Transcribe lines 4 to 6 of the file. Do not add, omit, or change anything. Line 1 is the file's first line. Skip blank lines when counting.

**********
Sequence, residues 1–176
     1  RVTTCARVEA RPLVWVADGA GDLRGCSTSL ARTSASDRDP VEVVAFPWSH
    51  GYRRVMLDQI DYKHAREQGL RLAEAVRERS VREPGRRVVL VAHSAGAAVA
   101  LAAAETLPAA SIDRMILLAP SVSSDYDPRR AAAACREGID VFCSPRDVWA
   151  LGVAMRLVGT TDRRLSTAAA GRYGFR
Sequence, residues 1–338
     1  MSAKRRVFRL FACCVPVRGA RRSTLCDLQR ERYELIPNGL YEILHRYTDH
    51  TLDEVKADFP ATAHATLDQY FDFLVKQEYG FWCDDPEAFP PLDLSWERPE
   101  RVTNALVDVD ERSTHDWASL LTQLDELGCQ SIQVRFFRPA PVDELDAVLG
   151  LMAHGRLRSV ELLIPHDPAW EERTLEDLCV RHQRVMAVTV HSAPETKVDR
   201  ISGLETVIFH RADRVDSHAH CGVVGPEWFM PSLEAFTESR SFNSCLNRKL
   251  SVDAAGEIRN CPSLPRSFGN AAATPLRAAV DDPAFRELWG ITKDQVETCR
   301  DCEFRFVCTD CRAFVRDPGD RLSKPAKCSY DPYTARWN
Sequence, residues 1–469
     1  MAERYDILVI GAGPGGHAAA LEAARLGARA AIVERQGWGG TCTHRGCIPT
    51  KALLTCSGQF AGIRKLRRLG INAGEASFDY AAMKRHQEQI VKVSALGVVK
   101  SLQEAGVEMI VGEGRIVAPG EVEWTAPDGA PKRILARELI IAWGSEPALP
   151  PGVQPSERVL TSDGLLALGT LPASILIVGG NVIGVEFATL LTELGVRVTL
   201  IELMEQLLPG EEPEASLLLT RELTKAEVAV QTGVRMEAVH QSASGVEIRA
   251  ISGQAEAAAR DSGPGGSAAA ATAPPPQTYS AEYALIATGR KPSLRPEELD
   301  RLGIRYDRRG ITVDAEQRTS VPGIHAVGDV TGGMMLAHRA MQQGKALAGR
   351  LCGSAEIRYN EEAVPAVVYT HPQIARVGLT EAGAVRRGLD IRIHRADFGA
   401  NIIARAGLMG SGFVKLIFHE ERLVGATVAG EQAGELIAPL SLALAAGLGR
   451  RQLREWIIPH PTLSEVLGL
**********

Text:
   101  LAAAETLPAA SIDRMILLAP SVSSDYDPRR AAAACREGID VFCSPRDVWA
   151  LGVAMRLVGT TDRRLSTAAA GRYGFR
Sequence, residues 1–338